Breach of Contract: Foundation trust did not breach consultant's contract when it investigated its concerns outside the MHPS framework
Published 6 December 2018
Dr Jain was employed by Manchester University NHS Foundation Trust as a consultant radiologist. The Trust had concerns about Dr Jain's clinical practice and about his working relationships, and it commissioned an investigation by an external independent investigator into its concerns. Dr Jain claimed that commencing the investigation and the manner of the investigation were breaches of his contract of employment. In particular, he claimed that the provisions of the Maintaining High Professional Standards framework (MHPS) were incorporated into his contract, and that the Trust was in breach of these provisions.
The High Court dismissed Dr Jain's claims. It held that:
- The MHPS framework was not expressly incorporated into Dr Jain's employment contract as it had not been formally agreed and adopted by the Foundation Trust via its LNC, nor was it implied into his contract of employment by custom and practice.
- However, the Trust had said that it would follow MHPS as guidance, and the framework was therefore relevant as to whether or not the Trust had breached the implied term of trust and confidence.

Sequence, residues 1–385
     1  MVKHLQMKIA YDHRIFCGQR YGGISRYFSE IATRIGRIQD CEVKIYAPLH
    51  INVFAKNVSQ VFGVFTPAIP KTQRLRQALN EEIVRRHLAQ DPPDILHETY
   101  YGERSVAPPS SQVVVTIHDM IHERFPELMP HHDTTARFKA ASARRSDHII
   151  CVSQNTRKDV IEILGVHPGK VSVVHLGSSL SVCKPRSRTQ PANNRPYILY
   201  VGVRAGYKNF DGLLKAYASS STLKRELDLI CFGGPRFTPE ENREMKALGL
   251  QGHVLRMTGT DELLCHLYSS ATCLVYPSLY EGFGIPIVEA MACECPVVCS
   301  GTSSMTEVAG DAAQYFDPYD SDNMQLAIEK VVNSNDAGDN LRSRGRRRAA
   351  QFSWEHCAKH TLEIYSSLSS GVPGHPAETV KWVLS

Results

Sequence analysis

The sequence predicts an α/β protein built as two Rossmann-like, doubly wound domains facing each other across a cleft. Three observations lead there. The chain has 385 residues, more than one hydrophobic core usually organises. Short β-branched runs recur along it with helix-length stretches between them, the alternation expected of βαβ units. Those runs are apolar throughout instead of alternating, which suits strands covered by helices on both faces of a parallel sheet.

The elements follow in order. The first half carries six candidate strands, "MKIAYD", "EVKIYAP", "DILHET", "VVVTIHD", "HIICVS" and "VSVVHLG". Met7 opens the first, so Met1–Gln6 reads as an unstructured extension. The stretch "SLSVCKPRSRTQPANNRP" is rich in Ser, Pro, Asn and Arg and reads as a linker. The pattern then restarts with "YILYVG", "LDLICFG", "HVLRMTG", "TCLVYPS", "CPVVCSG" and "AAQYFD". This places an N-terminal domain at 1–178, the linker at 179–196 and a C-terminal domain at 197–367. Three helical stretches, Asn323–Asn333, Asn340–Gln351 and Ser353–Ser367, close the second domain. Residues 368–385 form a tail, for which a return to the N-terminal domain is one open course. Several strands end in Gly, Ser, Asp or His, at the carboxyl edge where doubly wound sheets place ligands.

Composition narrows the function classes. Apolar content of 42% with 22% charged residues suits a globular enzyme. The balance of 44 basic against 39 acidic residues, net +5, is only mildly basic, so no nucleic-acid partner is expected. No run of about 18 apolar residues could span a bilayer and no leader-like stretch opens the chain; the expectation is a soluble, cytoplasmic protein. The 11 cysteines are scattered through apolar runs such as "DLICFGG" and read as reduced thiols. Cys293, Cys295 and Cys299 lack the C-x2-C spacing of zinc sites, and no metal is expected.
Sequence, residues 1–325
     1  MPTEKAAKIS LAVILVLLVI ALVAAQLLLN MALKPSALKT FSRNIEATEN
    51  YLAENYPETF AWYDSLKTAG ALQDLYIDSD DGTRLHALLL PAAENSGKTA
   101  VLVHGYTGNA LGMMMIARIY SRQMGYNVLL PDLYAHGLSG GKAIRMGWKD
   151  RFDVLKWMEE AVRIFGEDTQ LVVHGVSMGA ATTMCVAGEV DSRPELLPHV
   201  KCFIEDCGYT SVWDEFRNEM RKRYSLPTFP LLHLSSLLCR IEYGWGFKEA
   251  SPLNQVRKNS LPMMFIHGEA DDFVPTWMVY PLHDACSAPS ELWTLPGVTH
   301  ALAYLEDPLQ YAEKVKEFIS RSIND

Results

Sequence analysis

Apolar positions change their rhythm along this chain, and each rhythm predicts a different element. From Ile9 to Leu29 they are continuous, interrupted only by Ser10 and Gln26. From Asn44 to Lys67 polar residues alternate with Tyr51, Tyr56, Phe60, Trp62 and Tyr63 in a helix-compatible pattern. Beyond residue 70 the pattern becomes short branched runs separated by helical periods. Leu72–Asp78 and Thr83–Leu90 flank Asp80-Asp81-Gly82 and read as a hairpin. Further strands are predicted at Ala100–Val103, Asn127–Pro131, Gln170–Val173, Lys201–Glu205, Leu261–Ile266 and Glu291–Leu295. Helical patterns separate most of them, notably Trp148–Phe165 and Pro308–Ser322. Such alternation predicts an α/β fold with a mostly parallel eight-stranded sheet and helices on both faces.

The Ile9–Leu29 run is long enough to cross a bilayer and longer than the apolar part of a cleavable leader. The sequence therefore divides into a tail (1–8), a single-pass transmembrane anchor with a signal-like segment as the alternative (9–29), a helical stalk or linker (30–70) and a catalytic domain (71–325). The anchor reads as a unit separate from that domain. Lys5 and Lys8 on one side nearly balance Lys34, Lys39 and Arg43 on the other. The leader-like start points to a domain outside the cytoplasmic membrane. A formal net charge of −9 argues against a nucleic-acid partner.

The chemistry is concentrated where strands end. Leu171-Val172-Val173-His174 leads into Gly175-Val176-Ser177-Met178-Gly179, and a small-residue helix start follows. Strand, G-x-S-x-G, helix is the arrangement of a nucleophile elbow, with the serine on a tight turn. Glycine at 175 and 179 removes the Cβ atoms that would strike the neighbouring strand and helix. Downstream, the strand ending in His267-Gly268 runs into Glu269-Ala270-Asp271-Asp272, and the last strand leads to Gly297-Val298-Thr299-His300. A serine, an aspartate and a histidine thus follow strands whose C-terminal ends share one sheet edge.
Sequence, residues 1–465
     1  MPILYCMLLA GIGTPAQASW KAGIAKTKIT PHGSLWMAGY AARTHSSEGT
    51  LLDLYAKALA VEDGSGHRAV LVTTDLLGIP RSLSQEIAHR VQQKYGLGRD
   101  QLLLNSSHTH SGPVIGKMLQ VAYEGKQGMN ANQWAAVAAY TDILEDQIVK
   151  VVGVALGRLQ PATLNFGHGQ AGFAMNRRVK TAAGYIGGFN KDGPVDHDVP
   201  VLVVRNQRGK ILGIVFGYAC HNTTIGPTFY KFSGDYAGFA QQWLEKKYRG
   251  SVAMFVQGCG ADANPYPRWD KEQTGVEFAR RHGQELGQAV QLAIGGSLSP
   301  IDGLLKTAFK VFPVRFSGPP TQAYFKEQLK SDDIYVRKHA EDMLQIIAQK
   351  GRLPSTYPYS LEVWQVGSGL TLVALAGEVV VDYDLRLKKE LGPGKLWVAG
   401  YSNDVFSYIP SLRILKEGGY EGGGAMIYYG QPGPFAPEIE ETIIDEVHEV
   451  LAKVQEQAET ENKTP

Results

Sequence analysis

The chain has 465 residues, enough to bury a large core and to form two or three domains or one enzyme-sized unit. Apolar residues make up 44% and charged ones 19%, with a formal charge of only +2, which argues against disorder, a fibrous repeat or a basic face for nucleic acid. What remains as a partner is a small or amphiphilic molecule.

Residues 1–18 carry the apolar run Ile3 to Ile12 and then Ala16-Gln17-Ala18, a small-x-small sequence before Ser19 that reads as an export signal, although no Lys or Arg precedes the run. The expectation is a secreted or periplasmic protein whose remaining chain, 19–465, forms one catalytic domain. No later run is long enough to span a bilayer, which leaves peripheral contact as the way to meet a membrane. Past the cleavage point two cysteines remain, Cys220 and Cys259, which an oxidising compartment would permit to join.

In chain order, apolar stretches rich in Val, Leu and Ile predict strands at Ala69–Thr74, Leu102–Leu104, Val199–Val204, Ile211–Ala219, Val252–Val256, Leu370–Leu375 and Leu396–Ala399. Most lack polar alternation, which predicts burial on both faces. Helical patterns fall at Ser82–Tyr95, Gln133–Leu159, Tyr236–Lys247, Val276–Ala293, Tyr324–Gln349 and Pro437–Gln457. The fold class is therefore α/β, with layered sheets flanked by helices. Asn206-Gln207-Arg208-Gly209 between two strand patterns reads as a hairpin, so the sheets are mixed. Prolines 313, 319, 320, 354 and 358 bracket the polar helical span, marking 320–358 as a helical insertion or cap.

- The Trust had not breached Dr Jain's contract of employment by commencing an external investigation outside of the guidance in MHPS at a point in time when an existing investigation following Part IV of the MHPS framework were suspended. Although the matters under the MHPS investigation were linked, the focus of each investigation was different.
- Dr Jain and the Trust had previously entered into mediation. The disclosure and use of mediation materials did not amount to a breach of contract. The use of such documents was limited to a defined purpose and the objective of the mediation could only be achieved if the documents were shared with a small group of people within the Trust.
- The Trust imposed restrictions on Dr Jain's practice ( the court found this did not amount to an exclusion). This was not a breach of contract because the decision to restrict was made in good faith and justified on the grounds of patient safety.
- The Trust did not fail to consider alternative re-skilling plans as it had sought advice from NCAS and attempted to implement an alternative approach.
What does this mean for employers?
This is another helpful case for employers as it confirms that it is possible to undertake investigations (in this case into working relationships) outside of the remit of MHPS and not be found to be in breach of contract. It also provides clarity that MHPS may not be incorporated into the consultant's contract where an NHS Foundation Trust has not formally adopted it as a local policy. Each case will however turn on its own facts and it is important to consider if a Trust has either expressly, or impliedly by custom and practice, adopted the MHPS framework.
Dr Anil Kumar Jain and Manchester University NHS Trust